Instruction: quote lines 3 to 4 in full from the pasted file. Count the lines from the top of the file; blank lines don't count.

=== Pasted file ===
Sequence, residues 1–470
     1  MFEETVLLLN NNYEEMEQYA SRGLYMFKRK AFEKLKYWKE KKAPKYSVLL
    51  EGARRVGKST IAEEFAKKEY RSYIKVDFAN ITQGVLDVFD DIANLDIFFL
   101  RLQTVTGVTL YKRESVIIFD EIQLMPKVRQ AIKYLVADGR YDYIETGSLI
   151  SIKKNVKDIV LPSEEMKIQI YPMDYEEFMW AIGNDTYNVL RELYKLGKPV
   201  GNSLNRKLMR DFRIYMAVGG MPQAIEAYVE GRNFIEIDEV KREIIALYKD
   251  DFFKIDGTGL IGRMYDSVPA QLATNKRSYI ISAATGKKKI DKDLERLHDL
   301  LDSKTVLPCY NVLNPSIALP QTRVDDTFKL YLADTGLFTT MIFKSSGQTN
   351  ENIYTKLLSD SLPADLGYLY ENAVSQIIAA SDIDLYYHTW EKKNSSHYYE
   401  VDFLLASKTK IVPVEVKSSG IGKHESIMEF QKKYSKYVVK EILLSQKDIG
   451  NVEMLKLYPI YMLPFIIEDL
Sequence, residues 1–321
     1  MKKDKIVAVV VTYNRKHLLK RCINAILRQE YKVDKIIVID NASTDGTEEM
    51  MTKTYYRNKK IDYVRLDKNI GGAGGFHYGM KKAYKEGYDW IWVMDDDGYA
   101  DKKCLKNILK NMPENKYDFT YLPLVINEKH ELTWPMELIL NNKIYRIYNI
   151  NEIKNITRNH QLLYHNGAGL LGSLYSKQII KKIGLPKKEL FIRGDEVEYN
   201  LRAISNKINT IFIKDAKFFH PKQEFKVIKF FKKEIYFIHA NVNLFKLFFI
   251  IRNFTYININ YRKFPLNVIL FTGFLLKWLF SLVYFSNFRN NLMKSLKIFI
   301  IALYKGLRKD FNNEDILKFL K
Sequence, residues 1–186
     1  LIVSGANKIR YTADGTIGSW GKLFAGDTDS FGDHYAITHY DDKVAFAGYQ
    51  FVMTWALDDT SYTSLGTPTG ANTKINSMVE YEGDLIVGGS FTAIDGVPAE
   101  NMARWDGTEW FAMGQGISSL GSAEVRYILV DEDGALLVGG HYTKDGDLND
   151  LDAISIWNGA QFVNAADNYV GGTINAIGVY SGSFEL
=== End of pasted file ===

    51  EGARRVGKST IAEEFAKKEY RSYIKVDFAN ITQGVLDVFD DIANLDIFFL
   101  RLQTVTGVTL YKRESVIIFD EIQLMPKVRQ AIKYLVADGR YDYIETGSLI